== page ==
It seems that winning the Northrop Grumman Best in Show award at this year’s Northrop Grumman Engineering and Science Student Design Showcase was just the start of the attention on the Department of Mechanical and Aerospace Engineering’s Variable Aspect Ratio Unmanned Aerial Vehicle.
Since that April victory, the sleek, carbon fiber aircraft with the wings that can expand in length has been at the heart of important research and outreach, both of which highlight the strengths of Florida Tech, according to the students and faculty members who are involved in the project.
“We designed the project over the last two years and have now decided to take it further,” said Razvan Rusovici, an associate professor of aerospace and biomedical engineering and adviser to the UAV project.
Ryan Haughey, a senior majoring in aerospace engineering who was among the nearly two dozen students who worked on the UAV prior to the design showcase, has been traveling near and far with it this year, offering presentations at Kennedy Space Center, in Oshkosh, Wis., and Anchorage, Alaska, and at the recently held TechXpo in Melbourne.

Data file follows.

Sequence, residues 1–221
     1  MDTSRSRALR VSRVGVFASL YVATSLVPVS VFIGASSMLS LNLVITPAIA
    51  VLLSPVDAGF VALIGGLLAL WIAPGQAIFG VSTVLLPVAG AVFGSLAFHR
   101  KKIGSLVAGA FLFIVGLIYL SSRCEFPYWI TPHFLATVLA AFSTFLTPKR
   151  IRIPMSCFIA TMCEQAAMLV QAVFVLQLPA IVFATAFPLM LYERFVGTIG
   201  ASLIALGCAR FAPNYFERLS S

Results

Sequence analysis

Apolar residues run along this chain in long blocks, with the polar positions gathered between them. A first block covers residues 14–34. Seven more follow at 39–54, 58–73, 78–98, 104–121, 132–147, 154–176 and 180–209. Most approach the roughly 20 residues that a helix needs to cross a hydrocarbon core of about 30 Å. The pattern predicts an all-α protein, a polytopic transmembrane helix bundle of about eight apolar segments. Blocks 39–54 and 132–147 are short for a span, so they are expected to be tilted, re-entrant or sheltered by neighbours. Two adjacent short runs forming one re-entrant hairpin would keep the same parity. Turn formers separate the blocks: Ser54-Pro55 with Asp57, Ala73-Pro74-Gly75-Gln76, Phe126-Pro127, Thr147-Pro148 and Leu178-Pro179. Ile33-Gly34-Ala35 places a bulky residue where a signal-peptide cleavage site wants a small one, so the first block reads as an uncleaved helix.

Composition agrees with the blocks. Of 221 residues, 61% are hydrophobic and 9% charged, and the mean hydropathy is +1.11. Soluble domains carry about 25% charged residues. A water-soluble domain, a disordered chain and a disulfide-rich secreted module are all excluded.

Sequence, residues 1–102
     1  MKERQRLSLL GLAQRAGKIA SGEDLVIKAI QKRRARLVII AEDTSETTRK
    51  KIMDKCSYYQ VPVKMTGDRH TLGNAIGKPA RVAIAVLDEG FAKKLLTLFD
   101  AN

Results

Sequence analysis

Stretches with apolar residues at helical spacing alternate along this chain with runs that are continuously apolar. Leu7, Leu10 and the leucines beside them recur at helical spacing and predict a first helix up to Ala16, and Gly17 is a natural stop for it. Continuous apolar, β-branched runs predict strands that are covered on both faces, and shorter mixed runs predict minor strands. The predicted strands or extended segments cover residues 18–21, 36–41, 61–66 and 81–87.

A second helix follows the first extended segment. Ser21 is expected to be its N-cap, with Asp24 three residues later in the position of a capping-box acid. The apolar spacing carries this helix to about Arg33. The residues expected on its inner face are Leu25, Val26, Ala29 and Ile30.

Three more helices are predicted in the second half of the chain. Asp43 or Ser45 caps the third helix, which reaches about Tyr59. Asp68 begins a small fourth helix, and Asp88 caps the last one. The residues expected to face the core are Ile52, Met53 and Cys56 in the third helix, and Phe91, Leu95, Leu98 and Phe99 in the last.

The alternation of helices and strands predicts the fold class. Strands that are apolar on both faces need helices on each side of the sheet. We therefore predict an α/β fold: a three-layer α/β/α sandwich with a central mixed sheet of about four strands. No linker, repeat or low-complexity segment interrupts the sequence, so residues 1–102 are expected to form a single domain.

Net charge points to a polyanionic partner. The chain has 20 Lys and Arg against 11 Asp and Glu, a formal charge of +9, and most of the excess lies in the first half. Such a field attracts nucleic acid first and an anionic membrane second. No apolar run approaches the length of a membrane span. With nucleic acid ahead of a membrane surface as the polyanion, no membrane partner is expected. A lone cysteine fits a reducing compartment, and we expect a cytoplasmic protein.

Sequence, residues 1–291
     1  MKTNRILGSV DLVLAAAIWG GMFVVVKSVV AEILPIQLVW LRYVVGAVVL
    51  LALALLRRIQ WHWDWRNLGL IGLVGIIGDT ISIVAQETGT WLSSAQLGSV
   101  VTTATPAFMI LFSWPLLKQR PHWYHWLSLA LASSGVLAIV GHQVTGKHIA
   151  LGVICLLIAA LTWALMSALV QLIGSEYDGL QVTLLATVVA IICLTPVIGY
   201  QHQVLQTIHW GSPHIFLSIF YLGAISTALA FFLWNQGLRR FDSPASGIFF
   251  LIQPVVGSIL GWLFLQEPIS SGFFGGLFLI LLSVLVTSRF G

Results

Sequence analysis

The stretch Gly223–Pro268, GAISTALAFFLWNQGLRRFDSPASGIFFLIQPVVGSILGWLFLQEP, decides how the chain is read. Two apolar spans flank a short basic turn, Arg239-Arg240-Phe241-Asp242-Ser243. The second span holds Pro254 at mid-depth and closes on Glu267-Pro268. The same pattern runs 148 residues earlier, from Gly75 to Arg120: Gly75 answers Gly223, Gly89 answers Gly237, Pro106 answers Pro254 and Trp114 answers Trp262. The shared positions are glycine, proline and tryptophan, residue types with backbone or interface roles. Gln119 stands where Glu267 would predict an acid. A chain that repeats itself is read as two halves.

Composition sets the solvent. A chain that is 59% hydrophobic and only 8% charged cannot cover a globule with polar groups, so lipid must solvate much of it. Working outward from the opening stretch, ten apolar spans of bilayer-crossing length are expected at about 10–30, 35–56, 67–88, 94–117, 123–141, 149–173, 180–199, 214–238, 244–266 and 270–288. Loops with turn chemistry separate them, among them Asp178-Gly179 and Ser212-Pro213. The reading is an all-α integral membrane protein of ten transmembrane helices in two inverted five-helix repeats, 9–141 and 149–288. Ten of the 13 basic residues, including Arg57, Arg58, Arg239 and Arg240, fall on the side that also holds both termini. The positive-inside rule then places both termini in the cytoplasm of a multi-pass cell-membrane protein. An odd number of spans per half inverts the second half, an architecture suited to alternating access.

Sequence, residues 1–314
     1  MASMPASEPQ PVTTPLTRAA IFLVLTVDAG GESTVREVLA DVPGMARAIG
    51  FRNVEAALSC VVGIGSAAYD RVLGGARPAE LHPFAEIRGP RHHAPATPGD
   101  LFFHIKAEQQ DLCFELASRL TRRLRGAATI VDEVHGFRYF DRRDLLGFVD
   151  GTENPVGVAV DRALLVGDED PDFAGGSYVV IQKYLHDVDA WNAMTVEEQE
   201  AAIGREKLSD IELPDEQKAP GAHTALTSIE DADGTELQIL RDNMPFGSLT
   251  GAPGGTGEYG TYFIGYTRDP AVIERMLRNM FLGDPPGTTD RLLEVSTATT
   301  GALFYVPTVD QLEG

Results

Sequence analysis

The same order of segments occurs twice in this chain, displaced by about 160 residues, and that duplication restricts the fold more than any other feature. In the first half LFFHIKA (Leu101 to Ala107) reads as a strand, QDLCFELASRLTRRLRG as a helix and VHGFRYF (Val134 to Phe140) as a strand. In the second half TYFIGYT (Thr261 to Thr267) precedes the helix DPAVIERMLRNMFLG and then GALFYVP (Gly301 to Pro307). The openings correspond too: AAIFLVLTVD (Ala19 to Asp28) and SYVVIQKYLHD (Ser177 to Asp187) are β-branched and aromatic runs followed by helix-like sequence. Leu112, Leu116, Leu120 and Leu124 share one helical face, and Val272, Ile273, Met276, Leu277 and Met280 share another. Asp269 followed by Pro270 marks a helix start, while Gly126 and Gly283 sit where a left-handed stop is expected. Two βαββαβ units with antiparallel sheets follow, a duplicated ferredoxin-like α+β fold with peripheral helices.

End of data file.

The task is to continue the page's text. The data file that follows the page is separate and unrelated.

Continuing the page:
In the Alaska conference of people involved in unmanned aerial systems, Haughey said he got positive feedback from his presentation. “Many of the companies and researchers were impressed that students at an undergraduate level were doing this type of work.”
Meanwhile, Haughey and fellow senior Isaac Spence have been working with Rusovici on ground vibration testing. And Rusovici and other faculty at Florida Tech are continuing to expand the university’s focus on unmanned aerial vehicles.
“One goal is to establish Florida Tech as a center for UAV research,” Rusovici said.